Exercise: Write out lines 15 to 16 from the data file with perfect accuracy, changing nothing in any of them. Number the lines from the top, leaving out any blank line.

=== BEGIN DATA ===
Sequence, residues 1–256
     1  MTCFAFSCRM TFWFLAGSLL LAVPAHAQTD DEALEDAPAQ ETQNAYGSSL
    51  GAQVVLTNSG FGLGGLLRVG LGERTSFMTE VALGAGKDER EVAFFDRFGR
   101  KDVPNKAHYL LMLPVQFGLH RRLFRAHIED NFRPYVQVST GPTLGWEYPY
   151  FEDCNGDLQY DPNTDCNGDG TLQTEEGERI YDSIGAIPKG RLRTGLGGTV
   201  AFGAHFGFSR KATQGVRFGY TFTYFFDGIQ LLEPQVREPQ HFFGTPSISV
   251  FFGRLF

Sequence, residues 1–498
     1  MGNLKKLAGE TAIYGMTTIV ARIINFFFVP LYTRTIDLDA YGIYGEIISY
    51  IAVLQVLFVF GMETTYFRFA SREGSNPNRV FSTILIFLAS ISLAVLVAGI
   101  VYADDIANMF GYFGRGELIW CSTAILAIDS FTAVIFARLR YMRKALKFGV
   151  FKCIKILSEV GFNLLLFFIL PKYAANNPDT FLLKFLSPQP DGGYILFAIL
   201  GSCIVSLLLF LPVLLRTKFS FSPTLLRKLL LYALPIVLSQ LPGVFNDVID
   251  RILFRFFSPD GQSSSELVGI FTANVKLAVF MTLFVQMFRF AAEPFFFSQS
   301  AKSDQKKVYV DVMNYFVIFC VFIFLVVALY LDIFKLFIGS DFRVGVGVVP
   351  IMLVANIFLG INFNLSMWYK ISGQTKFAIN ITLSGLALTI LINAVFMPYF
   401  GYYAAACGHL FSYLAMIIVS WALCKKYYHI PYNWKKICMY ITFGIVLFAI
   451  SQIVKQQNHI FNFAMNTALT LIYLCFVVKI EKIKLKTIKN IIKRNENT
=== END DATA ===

   301  AKSDQKKVYV DVMNYFVIFC VFIFLVVALY LDIFKLFIGS DFRVGVGVVP
   351  IMLVANIFLG INFNLSMWYK ISGQTKFAIN ITLSGLALTI LINAVFMPYF